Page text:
On Christmas morning, a telephone call woke me up at 5 a.m. It was FLOW reminding me that payment of my monthly bill was overdue. It must have been a robocall from a very badly programmed robot. No self-respecting human being would call anyone that early on Christmas morning to run down money. Mi just kiss mi teeth and go back to sleep.
This kind of insensitivity is typical of the new FLOW or the old LIME. As people out a road say, all FLOW means is ‘Following LIME’s Old Ways’. And LIME was well sour. So the marriage of LIME and FLOW is nothing but double trouble.
Proverbial wisdom warns that ‘marriage have teeth’. I like to add, “and bite hot”. But I know there’s another side to this seemingly cynical piece of advice. Cleverly used teeth can give lots of pleasure, not pain. It’s all about technique. A cold, hard bite or an edgy, hot caress!
In the case of the marriage of LIME and FLOW is pure hot and painful biting for customers. I suppose the merger was a win-win deal for the two companies. Dem must know why dem married. Love of money. But I’m really not concerned about the effect of the marriage on the primary partners. Dem can nyam up demself for all I care.
All the same, to think that Cable & Wireless started off as a monopoly, gouging out the eyes of defenceless consumers. And now it has lost even its name to a former competitor! It just goes to show. I can still remember the days when we used to have to beg and beg and beg Cable & Wireless to get a landline. We had to plead for the privilege of paying for the service. It sometimes took years to get a phone.
And as for mobile phones! Remember when we actually had to pay to receive a call? Both the sender and the receiver got jacked up. It was highway robbery pure and simple. Now, free phone call giving away left, right and centre. Serves Cable & Wireless right! What goes around comes around.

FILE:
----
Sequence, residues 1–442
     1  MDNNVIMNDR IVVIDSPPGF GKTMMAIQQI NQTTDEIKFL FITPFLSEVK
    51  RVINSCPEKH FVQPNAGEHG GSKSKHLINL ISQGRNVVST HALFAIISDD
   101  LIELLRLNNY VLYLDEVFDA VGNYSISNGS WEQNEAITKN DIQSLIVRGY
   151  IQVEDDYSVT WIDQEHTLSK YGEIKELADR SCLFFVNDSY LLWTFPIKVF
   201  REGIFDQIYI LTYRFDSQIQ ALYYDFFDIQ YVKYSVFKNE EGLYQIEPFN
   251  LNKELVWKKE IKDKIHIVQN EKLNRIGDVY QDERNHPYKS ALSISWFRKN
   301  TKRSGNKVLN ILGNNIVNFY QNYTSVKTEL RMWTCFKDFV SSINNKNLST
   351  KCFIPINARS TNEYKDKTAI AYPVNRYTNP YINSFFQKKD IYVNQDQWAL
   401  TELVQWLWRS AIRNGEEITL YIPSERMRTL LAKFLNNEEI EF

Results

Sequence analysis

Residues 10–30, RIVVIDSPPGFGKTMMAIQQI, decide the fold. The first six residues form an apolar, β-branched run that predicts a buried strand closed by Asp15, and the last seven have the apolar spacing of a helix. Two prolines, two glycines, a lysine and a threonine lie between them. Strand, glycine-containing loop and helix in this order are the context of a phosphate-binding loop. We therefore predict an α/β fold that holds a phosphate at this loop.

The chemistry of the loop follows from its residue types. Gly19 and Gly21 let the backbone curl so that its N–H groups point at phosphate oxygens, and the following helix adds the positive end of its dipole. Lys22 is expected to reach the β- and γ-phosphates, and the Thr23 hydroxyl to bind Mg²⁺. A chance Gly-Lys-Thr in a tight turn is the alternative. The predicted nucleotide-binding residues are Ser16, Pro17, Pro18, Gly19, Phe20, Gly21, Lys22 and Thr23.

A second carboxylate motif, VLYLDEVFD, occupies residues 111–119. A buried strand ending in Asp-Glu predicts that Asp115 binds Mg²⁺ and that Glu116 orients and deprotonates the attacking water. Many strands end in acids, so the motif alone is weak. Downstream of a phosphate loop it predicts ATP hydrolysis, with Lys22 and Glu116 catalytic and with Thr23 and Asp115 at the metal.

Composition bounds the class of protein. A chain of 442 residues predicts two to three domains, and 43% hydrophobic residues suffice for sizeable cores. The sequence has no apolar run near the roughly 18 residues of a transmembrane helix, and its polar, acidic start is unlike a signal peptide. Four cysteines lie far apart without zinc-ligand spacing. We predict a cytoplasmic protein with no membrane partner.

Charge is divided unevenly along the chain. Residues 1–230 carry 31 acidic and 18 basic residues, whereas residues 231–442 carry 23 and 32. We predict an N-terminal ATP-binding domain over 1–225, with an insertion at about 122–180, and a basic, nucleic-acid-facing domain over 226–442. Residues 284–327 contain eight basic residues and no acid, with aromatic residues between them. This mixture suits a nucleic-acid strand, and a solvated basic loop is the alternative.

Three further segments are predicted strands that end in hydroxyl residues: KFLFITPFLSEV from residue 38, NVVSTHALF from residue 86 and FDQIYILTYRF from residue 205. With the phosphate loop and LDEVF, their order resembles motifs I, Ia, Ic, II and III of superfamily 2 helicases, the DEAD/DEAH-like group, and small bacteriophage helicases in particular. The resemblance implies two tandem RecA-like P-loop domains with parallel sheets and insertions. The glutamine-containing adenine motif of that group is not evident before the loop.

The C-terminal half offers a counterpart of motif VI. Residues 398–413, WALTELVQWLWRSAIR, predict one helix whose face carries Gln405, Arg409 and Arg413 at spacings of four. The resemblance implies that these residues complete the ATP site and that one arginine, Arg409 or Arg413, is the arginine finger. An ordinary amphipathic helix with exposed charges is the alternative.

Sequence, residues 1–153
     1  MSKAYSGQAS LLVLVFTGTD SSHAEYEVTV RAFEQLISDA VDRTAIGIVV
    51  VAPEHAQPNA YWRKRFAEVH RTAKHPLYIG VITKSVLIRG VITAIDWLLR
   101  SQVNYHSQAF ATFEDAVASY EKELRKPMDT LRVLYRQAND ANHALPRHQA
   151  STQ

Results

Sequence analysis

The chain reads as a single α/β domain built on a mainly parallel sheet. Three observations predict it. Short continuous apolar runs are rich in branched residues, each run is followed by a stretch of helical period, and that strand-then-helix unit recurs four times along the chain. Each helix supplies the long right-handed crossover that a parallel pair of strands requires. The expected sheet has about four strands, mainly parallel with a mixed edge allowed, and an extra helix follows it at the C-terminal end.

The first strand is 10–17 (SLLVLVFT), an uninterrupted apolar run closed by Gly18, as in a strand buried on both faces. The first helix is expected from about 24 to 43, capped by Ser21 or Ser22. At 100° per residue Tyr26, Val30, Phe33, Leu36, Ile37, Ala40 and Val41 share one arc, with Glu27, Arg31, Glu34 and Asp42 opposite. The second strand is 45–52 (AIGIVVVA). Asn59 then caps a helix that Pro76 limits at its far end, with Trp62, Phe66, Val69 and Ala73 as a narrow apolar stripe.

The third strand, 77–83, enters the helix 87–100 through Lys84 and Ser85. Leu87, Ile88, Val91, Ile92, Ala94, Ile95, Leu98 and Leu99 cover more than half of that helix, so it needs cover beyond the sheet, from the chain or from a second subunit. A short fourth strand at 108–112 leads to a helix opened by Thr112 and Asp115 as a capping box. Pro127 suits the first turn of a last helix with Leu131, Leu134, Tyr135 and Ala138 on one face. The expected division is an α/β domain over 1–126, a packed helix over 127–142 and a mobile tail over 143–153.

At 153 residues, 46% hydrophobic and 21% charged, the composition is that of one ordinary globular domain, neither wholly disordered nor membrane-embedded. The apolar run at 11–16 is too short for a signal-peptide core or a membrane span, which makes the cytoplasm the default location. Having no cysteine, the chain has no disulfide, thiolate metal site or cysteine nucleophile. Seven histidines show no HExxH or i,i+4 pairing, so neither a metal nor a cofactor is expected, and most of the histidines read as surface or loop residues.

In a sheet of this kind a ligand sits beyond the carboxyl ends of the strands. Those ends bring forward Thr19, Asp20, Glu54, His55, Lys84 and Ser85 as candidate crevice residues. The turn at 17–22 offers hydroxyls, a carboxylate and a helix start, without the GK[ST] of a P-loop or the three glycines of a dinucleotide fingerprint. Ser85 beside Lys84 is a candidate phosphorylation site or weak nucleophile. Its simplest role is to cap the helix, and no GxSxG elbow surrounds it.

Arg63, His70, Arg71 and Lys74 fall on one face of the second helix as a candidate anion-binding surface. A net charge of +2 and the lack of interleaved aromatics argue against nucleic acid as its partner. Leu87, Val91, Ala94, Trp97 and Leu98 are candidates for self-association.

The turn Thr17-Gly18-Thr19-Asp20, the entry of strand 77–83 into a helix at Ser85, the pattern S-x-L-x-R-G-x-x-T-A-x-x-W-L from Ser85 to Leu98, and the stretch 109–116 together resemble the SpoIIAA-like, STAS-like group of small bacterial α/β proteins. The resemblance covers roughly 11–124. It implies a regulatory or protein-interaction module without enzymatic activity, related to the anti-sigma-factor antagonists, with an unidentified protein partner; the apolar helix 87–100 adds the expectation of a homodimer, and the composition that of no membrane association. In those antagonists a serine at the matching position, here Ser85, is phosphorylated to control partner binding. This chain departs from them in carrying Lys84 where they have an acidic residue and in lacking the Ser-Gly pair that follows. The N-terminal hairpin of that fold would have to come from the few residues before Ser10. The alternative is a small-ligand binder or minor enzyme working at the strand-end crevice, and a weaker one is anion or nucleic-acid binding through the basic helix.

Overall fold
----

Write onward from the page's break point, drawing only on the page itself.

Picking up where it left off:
But mi no business wid fi dem business to dat. The real victims of the marriage of LIME and FLOW are the innocent customers of both companies who had no say at all in the transaction. We are the ones who’ve been bitten. Twice. And it’s no honeymoon. We’re stuck with whatever the new FLOW dishes out.
TOO GOOD TO BE TRUE
Last Wednesday, I spent almost an hour trying to get information about purchasing an iPhone 6S. According to the FLOW website, the company was offering phones “starting at $7,249.58+GCT with sign-up of select postpaid plans”. This seemed too good to be true. My ancient iPhone 4, a gift from LIME, cost 10 times that. The price of nothing goes down in Jamaica. So I wondered if the postpaid plans cost an arm and a leg.
The FLOW website lists 16 stores where the phone can be bought. But not one single phone number. How strange! A telecommunications company that refuses to communicate with customers by phone! So I went to the online Yellow Pages.
There were numbers for the corporate offices and for the customer care centre. Don’t get me started on ‘customer care’. The system takes you through a long list of automated questions until, finally, after waiting and waiting and waiting you actually get the chance to talk to an agent.
On the Yellow Pages site, I did find telephone numbers for some FLOW stores. The single page of numbers is headed ‘FLOW DEALER LOCATIONS cont’d’. Continued from where? Nothing comes before the continuation. Does nobody at FLOW realise that the Yellow Pages listing is messed up?
Unfortunately for me, the ‘continued’ list of five Kingston stores did not include a single location that sold the iPhone 6S. In total frustration, I decided to call the corporate offices to complain. The operator said she couldn’t put me through to the CEO’s office. I bit my tongue. I called back a little later and was permitted to leave my name and number.
I did get a voicemail message from the CEO’s office, but when I returned the call, the person who had called me was not in office. So I called back Thursday morning. I had no luck getting through. I just gave up. Buying a phone shouldn’t be so much trouble.
BAIT AND SWITCH
The only alternative to the new FLOW is, of course, Digicel. Salesmen from the company were in my neighbourhood recently trying to persuade me to switch. They were offering lower rates than FLOW for three months. Quite frankly, I was sceptical. This sounded like swopping white dog for monkey! Digicel’s rates would probably increase way past FLOW’s soon after I took the bait and switched.
Then Digicel is purchasing its off-island capacity to provide Internet service from FLOW! So FLOW and Digicel are not competitors. They’re sweethearts. We’re getting screwed in the polygamous marriage between LIME, FLOW and Digicel. Jamaican consumers deserve much better than to be bitten by all of those teeth.